This article was written by Paramita Ghosh.
A 1969 McKinsey article claimed that computers were so dumb that they were not capable of making any decisions. In fact they said, it was human intelligence that drives the dumb machine. Alas, this claim has become a bit of a “joke” over the years, as the modern computers are gradually replacing skilled practitioners in fields across many industries such as architecture, medicine, geology, and education. Artificial Intelligence, Machine Learning, Data Science, and Deep Learning are pushing these changes in ways that are only just being understood.
Google Trends: ML vs Big Data (source: click here)
In the current scenario, many buzzwords are being employed in the evolving IT industry, especially in the various research areas around and within Data Science. For many years, the world has known about experiments (with varying degrees of success) in Artificial Intelligence (AI), but recently, rapid strides were made in this field of study, leading to allied research areas of Machine Intelligence, Machine Learning, and now, Deep Learning. So how are these specialized sub-domains under AI similar to or different from each other? This article takes a look.
A good market application of Machine Learning can be found in Second Spectrum, a California-based start-up that that prepared predictive models of basketball games for the US National Basketball Association. In Europe, the banking sector uses ML techniques to for various banking functions which helped them achieve target business growth and savings. In this article, Quora provides an interesting comparison of Machine Learning and Artificial Intelligence.
The Research Areas in Practice
According to a recent article in Information Week AI and ML are gradually evolving from the science fiction era to on-the-ground reality. Over half of global enterprises are experimenting with Machine Learning, while top enterprises like IBM, Google, and Facebook have invested in open-source ML projects. This article reports that global enterprises are experimenting with “smart computing,” and seriously investigating whether Artificial Intelligence can be applied to business solutions.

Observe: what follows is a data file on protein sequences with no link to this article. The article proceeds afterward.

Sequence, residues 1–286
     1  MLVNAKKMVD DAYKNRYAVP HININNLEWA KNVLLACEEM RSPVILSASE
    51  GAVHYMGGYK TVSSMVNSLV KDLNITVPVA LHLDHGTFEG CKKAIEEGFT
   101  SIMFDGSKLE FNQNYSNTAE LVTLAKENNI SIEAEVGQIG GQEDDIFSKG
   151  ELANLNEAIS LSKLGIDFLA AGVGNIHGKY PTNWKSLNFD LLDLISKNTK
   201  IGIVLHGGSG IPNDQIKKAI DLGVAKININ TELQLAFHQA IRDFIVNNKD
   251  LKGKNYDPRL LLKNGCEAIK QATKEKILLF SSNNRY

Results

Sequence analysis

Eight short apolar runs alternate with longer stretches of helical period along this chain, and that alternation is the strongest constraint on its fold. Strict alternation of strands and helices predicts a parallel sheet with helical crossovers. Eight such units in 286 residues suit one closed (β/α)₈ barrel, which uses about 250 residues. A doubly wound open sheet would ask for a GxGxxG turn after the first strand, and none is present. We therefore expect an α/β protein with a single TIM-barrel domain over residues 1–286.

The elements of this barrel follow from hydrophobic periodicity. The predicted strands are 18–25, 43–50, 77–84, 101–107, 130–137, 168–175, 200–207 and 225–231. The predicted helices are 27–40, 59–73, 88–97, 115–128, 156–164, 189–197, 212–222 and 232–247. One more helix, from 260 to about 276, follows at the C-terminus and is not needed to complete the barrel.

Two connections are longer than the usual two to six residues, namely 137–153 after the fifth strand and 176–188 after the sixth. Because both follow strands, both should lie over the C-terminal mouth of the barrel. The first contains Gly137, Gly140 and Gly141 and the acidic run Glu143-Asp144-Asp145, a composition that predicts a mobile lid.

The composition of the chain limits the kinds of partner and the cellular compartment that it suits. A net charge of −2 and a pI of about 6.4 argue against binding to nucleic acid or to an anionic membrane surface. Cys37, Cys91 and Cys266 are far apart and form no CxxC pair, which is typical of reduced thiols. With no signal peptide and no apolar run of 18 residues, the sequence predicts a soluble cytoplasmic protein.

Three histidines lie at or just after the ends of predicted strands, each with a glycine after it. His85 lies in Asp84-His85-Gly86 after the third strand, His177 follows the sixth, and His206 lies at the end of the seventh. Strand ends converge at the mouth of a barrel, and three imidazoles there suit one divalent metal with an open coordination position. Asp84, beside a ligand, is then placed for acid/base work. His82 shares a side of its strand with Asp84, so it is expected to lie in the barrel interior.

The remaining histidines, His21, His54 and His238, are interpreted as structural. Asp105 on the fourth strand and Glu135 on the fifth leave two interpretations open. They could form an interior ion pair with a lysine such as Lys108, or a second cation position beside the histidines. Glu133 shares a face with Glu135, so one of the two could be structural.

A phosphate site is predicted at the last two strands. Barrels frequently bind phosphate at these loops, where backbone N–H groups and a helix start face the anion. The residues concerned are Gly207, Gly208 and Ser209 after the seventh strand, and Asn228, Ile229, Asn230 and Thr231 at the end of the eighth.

A Numenta blog presents a detailed comparative study of the various technologies. The common perception is that there are no standardized definitions for the four terms, and people still use the terms loosely without understanding the scientific significance of each. Also, a significant evolution has taken place in the meaning of the terms. What people meant by AI in 1960 was distinct from what AI means today. Datanami’s How Machine Learning is Eating the Software World explains that the majority of smart applications today depend on Machine Learning to interpret the results in the real world.
In an An Executive's Guide to Machine Learning, Machine Learning 1, 2, and 3 have been aptly described as descriptive, predictive, and prescriptive stages of applications. The predictive stage is happening right now, but the ML 3.0, or the prescriMachine Learning Now provides a clear analysis of this technological preparedness of global businesses.ptive stage, provides a great opportunity for the future. The article titled CIOs Need to Invest in